Like Google Years Ago, Yahoo! Releases BrowserBY: Jon Christian | May 28, 2012
The web may be littered with the husks of failed browsers, but struggling search outfit Yahoo! is tossing its hat into the ring nonetheless, with a “search browser” seemingly aimed mainly at mobile platforms, but also available as a plugin for popular desktop browsers.
Yahoo! Axis was designed around a slick interface that, like recent versions of Google, updates results as they are typed. And like Google’s Knowledge Graph, it updates certain information – like weather queries – as data, not web results.
“Our search strategy is predicated on two core beliefs – one, that people want answers, not links and two, that consumer-facing search is ripe for innovative disruption,” said senior vice president Shashi Seth, in a press release for the browser. “With Axis, we have re-defined and re-architected the search and browse experience from the ground up.”
Key to Yahoo!’s vision for the browser seems to be that search queries come up as thumbnails – a trendy design choice for touchscreen devices, but one that may make serious web research a frustrating process.
“Axis gives people instant answers and visual previews so they can continuously discover and explore content without interruption,” reads the release. “Axis’ sleek design keeps people moving forward rather than constantly returning to a page of endless blue links. Once on a search results site, Axis also lets people simply swipe or click to the next result.”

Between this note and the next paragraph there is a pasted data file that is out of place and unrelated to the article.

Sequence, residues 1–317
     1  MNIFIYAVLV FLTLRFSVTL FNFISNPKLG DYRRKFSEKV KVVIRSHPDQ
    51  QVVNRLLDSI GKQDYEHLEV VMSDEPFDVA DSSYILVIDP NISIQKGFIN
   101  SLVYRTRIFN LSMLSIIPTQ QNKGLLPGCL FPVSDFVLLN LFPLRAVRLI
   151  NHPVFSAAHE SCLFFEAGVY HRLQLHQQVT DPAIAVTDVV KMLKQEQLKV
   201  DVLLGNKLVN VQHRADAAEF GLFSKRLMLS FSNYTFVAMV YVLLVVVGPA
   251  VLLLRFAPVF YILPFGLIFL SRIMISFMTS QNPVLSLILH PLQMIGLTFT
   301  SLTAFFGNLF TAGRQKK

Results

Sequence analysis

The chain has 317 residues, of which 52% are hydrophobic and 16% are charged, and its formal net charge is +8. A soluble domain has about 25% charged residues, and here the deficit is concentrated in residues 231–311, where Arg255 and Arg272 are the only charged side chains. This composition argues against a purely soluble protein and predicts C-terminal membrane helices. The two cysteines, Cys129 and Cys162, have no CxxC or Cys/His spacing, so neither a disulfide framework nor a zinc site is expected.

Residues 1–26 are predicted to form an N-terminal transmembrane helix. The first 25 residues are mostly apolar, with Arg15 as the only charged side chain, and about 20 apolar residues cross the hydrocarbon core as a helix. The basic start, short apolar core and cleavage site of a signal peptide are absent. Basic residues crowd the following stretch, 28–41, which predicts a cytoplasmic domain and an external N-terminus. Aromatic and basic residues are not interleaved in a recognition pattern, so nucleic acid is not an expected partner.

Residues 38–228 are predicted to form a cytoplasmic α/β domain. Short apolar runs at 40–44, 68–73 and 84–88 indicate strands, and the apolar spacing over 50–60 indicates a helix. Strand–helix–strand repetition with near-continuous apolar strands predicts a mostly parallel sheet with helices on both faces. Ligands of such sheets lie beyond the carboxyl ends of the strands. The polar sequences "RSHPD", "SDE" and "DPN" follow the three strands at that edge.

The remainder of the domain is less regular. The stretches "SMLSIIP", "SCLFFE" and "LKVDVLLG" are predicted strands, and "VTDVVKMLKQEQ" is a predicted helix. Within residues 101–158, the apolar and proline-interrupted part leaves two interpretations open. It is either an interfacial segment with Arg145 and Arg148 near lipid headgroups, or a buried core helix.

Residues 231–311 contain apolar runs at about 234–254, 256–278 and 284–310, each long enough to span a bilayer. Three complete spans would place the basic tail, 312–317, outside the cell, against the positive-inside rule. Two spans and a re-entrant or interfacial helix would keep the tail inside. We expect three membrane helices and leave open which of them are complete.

In a strange graphic design choice, a promotional image for the browser shows a prominent advert and what appears to be a scantily-clad woman (see top image.)
The move isn’t without precedent. Yahoo!’s competitor Google – which has maintained a steadier image and product line during the last decade – released the Chrome browser in 2008, which has quickly risen through the ranks to enjoy massive success.
It’s based on search, the company’s flagship product. And like new versions of Chrome, Yahoo! has emphasized that Axis syncs content across devices and platforms.
The parallel is far from perfect, though: While Axis runs as a standalone app on iOS devices, on desktop computers it is available only as a plugin for other browsers, including Chrome – a quirk that may itself cause some confusion, not the least because spammy search bars are notorious traps for inexperienced users.
Yahoo! also seems to be taking stylistic cues from Apple, with a video promoting the browser that features a white background and a fashionably-dressed spokesperson who says the browser “completely redefines what it means to explore the web.”